During the winter months, the glowing signs of summer begin to fade, literally, and teens turn to the warm embrace of tanning salons. According to the Skin Cancer Foundation, approximately 2.3 million teens visit a tanning salon at least once a year. In the United States, 37 percent of white female teens and over 11 percent of white male teens between 13 and 19 years old have been to a tanning booth.
Teens seek tanning salons for a multitude of reasons. Seniors Laura Cornish and Angella North go to the tanning salon once or twice a year for events such as prom and homecoming. Both prefer salon results over spray tans.
“I did it for prom over a month span. It was about $30 to $50, and I went about three times a week,” Cornish said. “[The tanning bed] is more natural.”
Like Cornish, North chose to use a tanning bed instead of a spray or airbrush tan because she believes it looks more natural.
“Overall I’ve done it probably 30 times,” North said. “[I wasn’t worried about the effects because] I didn’t do it excessively. The spray tan makes you orange. In middle school I did a spray tan, and it made me look like an oompa loompa.”
The skin of teens is more susceptible to skin cancer than adult skin because adolescents’ skin cells are dividing and changing more rapidly. A 2002 study in the Journal of the National Cancer Institute found that indoor tanning devices increased the risk for squamous cell carcinoma by 2.5 times and the risk for basal cell carcinoma by 1.5 times. Because there are no set guidelines for adolescents to get skin examinations, most skin cancers in children go undiagnosed.
According to the Skin Cancer Foundation, tans are caused by harmful ultraviolet radiation, and teens sustain skin cell damage by visiting a tanning salon one even time. For those in high school or college, just one indoor tanning session a year boosts the risk of developing melanoma, the deadliest form of skin cancer, by 20 percent. Each session after increases the risk almost another 2 percent, and the risk rises to 73 percent after six or more sessions. Cumulative damage caused by UV radiation may lead to premature skin aging, including wrinkles, lax skin, and brown spots, as well as skin cancer.
“How would you like to look like a leather handbag by the time you’re 30?” anatomy teacher Sinead Arndt said. “A tan is skin damage– the skin is trying to protect itself. Skin cancer is almost a guarantee from tanning. Skin will prematurely wrinkle. It can cause skin discoloration– so blotchiness and it damages the skin to the point where it loses that soft, youthful appearance.”
In 2014, the FDA issued a final order reclassifying ultraviolet tanning devices from low-risk, or class I, to moderate risk devices, (class II). This requires warning labels on the devices to alert young people of the dangers associated with their use. However, according to Arndt, there are some conditions tanning beds can help.
“Now on a positive note for tanning beds, some people with severe eczema or psoriasis on their skin can benefit from UV treatment,” Arndt said. “You’re not going to be in there until the point where you tan. You’re in there for much shorter periods of time, but the ultraviolet light can help with skin conditions.”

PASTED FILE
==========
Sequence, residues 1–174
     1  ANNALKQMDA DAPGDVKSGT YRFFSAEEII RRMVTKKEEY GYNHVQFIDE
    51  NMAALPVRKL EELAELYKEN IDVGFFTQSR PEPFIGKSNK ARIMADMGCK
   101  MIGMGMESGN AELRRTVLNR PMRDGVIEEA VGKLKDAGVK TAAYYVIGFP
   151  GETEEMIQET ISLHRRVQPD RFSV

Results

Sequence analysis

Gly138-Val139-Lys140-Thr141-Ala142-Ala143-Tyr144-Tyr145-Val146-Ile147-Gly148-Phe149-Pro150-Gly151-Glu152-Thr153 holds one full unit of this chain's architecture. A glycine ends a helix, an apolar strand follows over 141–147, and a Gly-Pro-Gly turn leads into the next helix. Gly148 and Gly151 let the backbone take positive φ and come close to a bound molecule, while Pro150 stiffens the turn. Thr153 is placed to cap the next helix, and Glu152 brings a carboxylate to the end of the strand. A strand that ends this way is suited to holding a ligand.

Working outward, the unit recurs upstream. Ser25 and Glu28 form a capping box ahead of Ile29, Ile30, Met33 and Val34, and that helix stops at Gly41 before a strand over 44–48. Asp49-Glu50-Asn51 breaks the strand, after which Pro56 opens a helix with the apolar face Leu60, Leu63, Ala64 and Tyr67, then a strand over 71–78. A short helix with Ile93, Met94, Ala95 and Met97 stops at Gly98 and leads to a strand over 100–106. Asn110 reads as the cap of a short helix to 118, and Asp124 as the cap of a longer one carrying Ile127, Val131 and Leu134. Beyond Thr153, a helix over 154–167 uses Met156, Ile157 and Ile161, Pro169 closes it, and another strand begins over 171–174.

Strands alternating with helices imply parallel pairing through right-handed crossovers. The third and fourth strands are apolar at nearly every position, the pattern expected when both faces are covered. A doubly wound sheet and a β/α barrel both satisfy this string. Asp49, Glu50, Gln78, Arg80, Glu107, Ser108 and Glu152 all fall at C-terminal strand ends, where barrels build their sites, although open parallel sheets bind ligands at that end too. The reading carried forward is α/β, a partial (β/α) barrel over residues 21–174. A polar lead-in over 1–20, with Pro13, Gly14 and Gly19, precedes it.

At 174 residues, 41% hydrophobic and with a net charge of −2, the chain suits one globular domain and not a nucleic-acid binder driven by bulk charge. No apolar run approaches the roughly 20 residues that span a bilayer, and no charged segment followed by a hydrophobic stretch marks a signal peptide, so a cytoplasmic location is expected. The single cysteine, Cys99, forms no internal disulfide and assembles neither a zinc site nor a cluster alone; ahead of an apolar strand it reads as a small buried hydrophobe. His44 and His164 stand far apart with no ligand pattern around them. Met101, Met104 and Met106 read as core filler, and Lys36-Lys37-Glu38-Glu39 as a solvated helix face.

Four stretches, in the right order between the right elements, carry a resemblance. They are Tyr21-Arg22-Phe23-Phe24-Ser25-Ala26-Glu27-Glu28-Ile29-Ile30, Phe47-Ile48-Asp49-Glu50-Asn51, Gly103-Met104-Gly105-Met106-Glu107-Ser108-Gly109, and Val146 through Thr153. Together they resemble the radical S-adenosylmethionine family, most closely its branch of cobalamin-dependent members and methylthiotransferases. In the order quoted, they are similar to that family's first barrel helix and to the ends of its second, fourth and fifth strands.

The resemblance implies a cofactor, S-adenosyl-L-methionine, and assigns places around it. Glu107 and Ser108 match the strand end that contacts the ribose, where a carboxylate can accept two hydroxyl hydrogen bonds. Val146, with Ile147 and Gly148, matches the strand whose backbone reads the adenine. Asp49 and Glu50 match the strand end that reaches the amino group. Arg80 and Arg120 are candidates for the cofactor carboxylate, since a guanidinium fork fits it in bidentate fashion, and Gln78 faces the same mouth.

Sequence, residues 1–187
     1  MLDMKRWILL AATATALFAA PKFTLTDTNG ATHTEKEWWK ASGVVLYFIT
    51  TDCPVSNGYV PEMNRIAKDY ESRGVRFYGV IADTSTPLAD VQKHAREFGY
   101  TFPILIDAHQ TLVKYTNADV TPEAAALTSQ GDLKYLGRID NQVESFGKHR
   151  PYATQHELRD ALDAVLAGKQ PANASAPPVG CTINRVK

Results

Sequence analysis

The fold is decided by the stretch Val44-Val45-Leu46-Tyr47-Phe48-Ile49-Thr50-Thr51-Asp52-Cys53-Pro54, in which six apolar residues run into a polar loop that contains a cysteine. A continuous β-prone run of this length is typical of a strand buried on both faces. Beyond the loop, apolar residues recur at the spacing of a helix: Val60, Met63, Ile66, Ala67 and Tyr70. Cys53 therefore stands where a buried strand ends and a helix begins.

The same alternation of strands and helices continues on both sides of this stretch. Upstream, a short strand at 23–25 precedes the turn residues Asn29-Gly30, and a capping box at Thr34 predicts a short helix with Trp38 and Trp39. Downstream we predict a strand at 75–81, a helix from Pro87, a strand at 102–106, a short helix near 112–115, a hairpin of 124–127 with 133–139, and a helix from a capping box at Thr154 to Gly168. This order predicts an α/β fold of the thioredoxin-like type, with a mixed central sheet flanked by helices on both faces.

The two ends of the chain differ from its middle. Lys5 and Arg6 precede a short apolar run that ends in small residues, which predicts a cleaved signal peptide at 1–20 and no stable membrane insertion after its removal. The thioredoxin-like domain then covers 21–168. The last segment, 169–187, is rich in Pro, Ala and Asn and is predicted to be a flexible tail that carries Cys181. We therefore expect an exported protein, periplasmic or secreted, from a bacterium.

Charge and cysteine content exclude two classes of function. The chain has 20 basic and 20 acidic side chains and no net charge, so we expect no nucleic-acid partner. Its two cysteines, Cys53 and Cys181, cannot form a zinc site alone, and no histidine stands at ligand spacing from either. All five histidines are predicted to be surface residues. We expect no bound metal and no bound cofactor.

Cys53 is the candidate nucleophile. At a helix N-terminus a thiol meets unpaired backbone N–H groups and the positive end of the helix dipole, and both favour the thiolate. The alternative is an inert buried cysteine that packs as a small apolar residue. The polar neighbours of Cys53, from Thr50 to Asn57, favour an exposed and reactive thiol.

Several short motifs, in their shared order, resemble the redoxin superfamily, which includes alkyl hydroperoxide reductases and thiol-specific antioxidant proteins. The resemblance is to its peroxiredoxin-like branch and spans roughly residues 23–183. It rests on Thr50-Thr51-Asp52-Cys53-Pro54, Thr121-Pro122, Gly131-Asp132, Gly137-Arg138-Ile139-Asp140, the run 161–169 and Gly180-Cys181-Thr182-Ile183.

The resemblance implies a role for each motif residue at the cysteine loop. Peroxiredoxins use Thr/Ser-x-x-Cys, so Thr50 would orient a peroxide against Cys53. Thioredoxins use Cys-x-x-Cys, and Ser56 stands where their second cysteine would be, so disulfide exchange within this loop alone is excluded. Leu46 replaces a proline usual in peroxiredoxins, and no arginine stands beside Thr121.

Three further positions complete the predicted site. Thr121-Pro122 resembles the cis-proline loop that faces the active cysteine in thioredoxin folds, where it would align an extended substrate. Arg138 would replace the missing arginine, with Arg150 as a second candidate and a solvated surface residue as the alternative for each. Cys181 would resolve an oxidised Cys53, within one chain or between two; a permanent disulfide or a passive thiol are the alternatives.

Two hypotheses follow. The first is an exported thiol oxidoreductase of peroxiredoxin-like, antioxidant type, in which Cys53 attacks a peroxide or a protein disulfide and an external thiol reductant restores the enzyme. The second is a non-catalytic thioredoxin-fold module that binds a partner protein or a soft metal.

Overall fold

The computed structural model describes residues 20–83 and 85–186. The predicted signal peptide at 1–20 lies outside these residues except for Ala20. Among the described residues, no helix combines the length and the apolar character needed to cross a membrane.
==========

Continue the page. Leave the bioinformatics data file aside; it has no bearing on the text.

An airbrush tan is a spray tan applied by a train technician using a compressor gun by a trained technician or in a spray tan booth. The primary ingredient in spray tanners is DHA, or dihydroxyacetone, which is not toxic and produces no risk of skin cancers.
“Basically if you’re tanning just to tan, like for prom, you’re just damaging your skin,” Arndt said. “Spray tans are a much better way to go.”
And although no tanning is good for one’s skin, indoor ultraviolet tanners are 74 percent more likely to develop melanoma than those that have never used a tanning bed. Senior Hunter Hall decided to try an airbrush tan after his dermatologist recommended it. Hall has a $79 monthly membership to Palm Beach Tan in Gainesville, which gives him access to the highest level beds and all spray tanning. Hall uses a tanning bed about three times a week.
“I have spray tanned. I like bed tanning better because your results last longer and look better. [I tried spray tanning] because of the risk of skin cancer, primarily, and the risk of aging,” Hall said. “I went to the dermatologist, and they told me I needed to stop or I was going to die. I actually went for a sun spot, and they said it was nothing this time but that I need to stop because I’m going to die eventually of skin cancer. They said I should try spray tanning instead.”
Hall says that tanning salons don’t discuss the risks of tanning beds with their customers, but he is aware of them.
“There’s signs in every room. They don’t really say anything about it; you just go in knowing,” Hall said. “I do care about the consequences; it’s more of an addiction to tanning- like once you start going and getting that look, you just keep wanting it.”
With his monthly membership, Hall has access to the 10–minute maximum beds, where he can get a tan quickly.
“I probably go around three times a week to keep [my tan] steady,” Hall said. “I’ve tried stopping. In tanning beds you turn dark and you don’t peel and get a burn or sun poisoning. It’s a lot more hassle-free, other than the long term effects of skin cancer and aging.”
~sararose martin, co editor-in-chief